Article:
‘Abbie belongs on the stage, I’m sure of it,’ Kathryn said. ‘She is an all-dancing, all-singing, performing one-man-show. Wherever we go she makes people smile’
Even as a young girl, Kathryn knew she wanted to adopt one day.
And growing up with a mum who was a principal at a special needs school, she always felt a connection to children with disabilities.
Kathryn, now 49, and her partner had three biological children, an adopted daughter, and fostered two babies with T21 that they still keep in touch with.
So after 23 years of parenting, the couple felt ready to bring home another child – and they knew it was going to be one with Down syndrome.
Abbie joined the northern New South Wales family in 2013, and at the time was a tiny malnourished baby who took an hour to drink a bottle.
But now the five-year-old is thriving, with a knack for knowing exactly when someone needs a big hug, a shoulder to cry on, or a huge laugh.
‘Abbie belongs on the stage, I’m sure of it,’ Kathryn said. ‘She is an all-dancing, all-singing, performing one-man-show. Wherever we go she makes people smile.’
But Kathryn still worries about how others view her little girl, that they’ll only see her through the lens of ‘out of date stereotypes’.
‘The hardest part is knowing that we’re raising Abbie in a world where many people believe that she shouldn’t exist. That people with Down syndrome shouldn’t be born and will have no quality of life,’ she said.
‘I wish more people knew just how much richness and diversity children with DS bring into the world. People with DS are just as diverse as everyone else.’
Jayne Brumby is continuously surprised by her little boy Eli’s emotional intelligence. He was just 18 months old when he signed ‘sorry’ to his big sister
‘Eli brings joy to the people who look lost, alone, or less fortunate. Of all the strangers on the beach, Eli picked the one who needed a hug,’ Jayne said
Jayne Brumby is continuously surprised by her little boy Eli’s emotional intelligence.
Once told by doctors that Eli likely wouldn’t survive, the southwest Victoria mum has watched her two-year-old bring joy to his family and strangers alike.
When Eli was just 18 months old, he signed his very first word – “sorry” – to his big sister when she cried after he bit her on the arm.
But an even more astonishing moment was one day on the beach, when Eli immediately ran up to greet a woman he had never met.
Jayne’s friend, who was babysitting Eli that day, followed him and apologised. But the woman just smiled and picked up the boy, who snuggled into her shoulder.
Tears were in her eyes as she passed Eli back to Jayne’s friend. Then a man came up and thanked them.
The woman had been his wife, and they’d had a little boy with Down syndrome too. But he was too weak to live and didn’t survive the birth.
‘Eli seems to have a magnet that attracts all sorts of people to us,’ Jayne, 39, said. ‘If we are catching public transport, I can guarantee the most interesting people will stop to converse with us.’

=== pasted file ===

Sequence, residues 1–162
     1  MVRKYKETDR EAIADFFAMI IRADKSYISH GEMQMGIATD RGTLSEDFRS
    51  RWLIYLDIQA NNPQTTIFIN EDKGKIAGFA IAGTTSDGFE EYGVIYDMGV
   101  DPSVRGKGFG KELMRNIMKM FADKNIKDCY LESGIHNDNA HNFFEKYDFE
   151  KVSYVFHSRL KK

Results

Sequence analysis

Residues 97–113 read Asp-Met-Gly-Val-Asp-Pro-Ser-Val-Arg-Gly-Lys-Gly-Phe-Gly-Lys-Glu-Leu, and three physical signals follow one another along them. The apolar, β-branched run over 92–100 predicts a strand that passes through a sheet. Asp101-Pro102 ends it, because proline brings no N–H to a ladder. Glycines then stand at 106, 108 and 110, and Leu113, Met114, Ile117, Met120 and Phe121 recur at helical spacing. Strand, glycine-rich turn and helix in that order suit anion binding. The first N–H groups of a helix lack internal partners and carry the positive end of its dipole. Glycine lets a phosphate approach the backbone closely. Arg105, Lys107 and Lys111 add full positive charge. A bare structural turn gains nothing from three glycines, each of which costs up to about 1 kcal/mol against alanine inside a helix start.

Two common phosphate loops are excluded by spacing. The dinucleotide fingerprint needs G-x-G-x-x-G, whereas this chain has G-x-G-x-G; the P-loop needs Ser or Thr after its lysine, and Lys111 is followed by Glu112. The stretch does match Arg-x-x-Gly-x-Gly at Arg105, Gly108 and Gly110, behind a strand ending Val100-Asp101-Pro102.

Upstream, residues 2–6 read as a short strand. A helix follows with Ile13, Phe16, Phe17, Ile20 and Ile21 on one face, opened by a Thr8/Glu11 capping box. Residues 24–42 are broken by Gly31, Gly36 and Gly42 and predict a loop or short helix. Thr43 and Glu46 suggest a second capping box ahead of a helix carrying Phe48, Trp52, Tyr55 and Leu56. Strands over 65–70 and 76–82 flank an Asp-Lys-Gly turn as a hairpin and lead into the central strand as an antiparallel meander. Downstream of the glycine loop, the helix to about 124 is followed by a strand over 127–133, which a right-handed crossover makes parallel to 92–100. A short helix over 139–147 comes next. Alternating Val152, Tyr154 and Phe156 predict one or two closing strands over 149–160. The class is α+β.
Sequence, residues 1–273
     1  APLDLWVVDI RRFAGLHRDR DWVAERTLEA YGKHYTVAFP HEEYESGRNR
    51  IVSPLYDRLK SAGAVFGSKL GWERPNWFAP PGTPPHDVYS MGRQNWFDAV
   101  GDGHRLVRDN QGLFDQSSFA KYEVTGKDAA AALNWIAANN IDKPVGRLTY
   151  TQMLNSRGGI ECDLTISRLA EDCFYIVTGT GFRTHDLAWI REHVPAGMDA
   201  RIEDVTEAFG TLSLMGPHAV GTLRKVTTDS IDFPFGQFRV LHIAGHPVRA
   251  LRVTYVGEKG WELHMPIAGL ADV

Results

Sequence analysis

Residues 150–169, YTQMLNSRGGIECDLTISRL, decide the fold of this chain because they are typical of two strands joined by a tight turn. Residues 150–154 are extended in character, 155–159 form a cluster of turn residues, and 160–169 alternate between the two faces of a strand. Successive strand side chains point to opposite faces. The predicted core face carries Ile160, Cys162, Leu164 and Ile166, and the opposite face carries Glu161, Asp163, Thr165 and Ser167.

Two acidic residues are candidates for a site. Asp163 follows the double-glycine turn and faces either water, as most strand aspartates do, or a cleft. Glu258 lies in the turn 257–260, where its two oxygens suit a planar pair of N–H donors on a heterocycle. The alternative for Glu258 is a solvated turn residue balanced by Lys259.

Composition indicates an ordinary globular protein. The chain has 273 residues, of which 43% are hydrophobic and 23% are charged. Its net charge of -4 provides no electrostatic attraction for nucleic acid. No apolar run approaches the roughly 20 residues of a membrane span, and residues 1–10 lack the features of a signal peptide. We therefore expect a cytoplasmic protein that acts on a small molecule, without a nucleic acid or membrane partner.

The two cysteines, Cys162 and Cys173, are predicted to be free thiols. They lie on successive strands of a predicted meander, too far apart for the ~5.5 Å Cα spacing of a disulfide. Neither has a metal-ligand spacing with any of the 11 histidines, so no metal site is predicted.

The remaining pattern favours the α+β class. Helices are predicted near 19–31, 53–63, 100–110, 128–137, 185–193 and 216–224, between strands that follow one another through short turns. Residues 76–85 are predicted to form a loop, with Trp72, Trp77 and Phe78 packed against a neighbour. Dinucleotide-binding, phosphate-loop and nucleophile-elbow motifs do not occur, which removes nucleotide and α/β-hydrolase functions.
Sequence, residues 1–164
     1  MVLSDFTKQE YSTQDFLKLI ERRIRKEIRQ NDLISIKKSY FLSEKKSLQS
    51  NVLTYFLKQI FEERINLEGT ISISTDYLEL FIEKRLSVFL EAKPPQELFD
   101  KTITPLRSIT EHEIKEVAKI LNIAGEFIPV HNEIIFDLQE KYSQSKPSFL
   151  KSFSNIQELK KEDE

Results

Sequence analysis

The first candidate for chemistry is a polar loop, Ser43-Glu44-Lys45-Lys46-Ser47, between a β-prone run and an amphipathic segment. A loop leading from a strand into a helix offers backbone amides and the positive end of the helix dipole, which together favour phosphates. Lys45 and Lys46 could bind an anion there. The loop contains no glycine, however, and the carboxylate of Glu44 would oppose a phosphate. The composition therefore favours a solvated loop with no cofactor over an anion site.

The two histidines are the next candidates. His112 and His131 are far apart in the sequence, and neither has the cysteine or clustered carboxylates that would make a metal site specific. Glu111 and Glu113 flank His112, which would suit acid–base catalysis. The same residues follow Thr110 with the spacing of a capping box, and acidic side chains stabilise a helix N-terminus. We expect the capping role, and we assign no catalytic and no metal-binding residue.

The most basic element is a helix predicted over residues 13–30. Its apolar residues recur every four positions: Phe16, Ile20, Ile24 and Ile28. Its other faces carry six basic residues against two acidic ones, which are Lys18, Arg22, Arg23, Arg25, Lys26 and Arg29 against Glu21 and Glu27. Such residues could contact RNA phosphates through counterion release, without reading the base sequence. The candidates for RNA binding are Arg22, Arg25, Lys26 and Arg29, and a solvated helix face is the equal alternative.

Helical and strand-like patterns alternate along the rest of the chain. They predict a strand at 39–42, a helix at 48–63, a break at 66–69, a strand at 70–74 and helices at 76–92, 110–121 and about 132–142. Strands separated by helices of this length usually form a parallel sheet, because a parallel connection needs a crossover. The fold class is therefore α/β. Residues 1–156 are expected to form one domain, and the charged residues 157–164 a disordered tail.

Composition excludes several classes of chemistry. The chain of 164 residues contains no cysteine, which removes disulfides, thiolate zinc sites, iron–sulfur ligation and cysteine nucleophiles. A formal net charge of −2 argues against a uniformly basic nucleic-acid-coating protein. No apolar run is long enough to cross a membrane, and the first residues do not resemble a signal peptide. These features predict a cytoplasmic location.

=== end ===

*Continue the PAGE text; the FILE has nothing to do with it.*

‘He brings joy to the people who look lost, alone, or less fortunate. Of all the strangers on the beach, Eli picked the one who needed a hug.’
‘And that is a gift I’m proud he has.’
In her short four years, little Jacinta has not only overcome three open heart surgeries, but also battled leukemia
Now Jacinta is in kinder where she is making friends and learning the alphabet all on her own
In her short four years, little Jacinta has not only overcome three open heart surgeries, but also battled leukemia.
‘Every time we thought she was done with needles, surgeries and medications, it would all happen again,’ her mum Peggy Hooper, 41, said.
The day Jacinta had her last chemotherapy session, Peggy found out she would need heart surgery once again.
It has been a roller coaster for the Melbourne family, but now Jacinta is thriving in kindergarten.
Peggy revealed she is making friends, learning the alphabet without help, emptying the dishwasher, cheering on the Tigers, and even helping her mum cook.
Jacinta, who Peggy calls the ‘toughest, bravest child I know’, has also taught her parents so much more than they ever imagined.
‘What I never expected about having Jacinta was how very normal it would be,’ she said.
‘She has the same younger sister issues as her next older sister did, and as I did when I was young.’
‘This life has presented so many opportunities to learn and she has surprised us all, over and over again’
The second Charmaine Alley laid eyes on her son Max, she thought he was perfect. She and her partner had adopted the 18-month-old when they found out they couldn’t have children
But when Charmaine, 38, took him out into the real world she realised that others saw him differently, and was shocked at the comments some strangers made
‘Often people tell us how blessed Max is to have us, but we quickly correct them and let them know that we are the one blessed to be able to do life with this little legend,’ she said
The second Charmaine Alley laid eyes on her son Max, she thought he was perfect.
She and her partner had adopted the 18-month-old when they found out they couldn’t have children.
For weeks the family relished alone time with their new bub. But when Charmaine, 38, took him out into the real world she realised that others saw him differently.
‘For the first six to 12 months, strangers’ comments made me want to lock us in the house,’ she said.
A mum at the park took one look at Max and told Charmaine, ‘Oh, you didn’t get testing done’. An old man came up to her on the street and said ‘I am sorry you got one of the special ones, life will never be as you dreamed’.
And when Max, now four, opened a chocolate at a supermarket register and Charmaine took it away from him, the woman behind her remarked: ‘My dear you are going to have enough battles with him, just let him have the chocolate’.
‘I wanted to scream at her, “He is not dying!'” Charmaine, of Tamworth, recalled.
‘I was not sad because I thought there was truth in what any of these people had said, but because people had already made up their minds on who my son was due to his diagnosis.’
‘Often people tell us how blessed Max is to have us, but we quickly correct them and let them know that we are blessed to be able to do life with this little legend.’